After rocking the cosmos with her deathly debut, Tamsyn Muir continues the story of the penumbral Ninth House in Harrow the Ninth, a mind-twisting puzzle box of mystery, murder, magic, and mayhem. Nothing is as it seems in the halls of the Emperor, and the fate of the galaxy rests on one woman's shoulders.

Harrowhark Nonagesimus, last necromancer of the Ninth House, has been drafted by her Emperor to fight an unwinnable war. Side-by-side with a detested rival, Harrow must perfect her skills and become an angel of undeath — but her health is failing, her sword makes her nauseous, and even her mind is threatening to betray her.

Sealed in the gothic gloom of the Emperor's Mithraeum with three unfriendly teachers, hunted by the mad ghost of a murdered planet, Harrow must confront two unwelcome questions: is somebody trying to kill her? And if they succeeded, would the universe be better off?

I was lucky enough to be provided an ARC by the publisher in exchange for an honest review. I’m so stoked!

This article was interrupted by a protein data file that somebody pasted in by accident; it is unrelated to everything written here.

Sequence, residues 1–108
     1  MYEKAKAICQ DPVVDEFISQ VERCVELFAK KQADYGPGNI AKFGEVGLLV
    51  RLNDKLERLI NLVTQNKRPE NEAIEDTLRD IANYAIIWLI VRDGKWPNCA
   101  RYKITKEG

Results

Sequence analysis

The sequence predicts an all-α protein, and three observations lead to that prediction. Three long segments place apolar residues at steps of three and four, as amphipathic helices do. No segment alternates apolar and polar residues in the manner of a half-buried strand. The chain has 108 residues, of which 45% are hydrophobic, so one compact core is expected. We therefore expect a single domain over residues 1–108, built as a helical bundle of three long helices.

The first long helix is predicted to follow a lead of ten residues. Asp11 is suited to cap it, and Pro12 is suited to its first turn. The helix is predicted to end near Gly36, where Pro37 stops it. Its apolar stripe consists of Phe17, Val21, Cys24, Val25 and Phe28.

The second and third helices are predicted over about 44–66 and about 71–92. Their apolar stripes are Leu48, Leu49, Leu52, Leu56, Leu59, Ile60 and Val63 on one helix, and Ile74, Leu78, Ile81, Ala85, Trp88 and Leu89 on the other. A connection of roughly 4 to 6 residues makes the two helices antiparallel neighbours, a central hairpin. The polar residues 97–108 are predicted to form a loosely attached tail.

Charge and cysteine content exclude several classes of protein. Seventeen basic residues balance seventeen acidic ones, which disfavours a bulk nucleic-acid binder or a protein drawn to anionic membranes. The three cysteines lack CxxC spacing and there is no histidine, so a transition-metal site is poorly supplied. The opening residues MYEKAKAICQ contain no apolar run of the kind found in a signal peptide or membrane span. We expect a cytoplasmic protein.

What did you read in February? Have you read any of these books? What are you reading in March? Let’s discuss in the comments!


3 thoughts on “February 2020 Reading Wrap-Up

  1. I’m so sorry about your cat Maddie. As a fellow ‘cat mum’ myself I know how much that must hurt.

    I have The Fifth Season lined up next to read. I’ve been putting it off since I’ve had it since 2018 but I don’t know why as everyone who has read it pretty much adores it. Maybe that’s the reason? I could be too scared that I’ll be in the minority!

    Liked by 1 person

    1. Thank you. It gets a little easier every day, but I still expect her to be around and then remember she’s not. She was 14 though, so she lived a long, happy life.
      In a way, I’m glad I put off reading The Fifth Season because I don’t think I would’ve appreciated it a couple years ago. Because of who I am as a reader now, it really worked for me. Hopefully you have the same experience!

      Liked by 1 person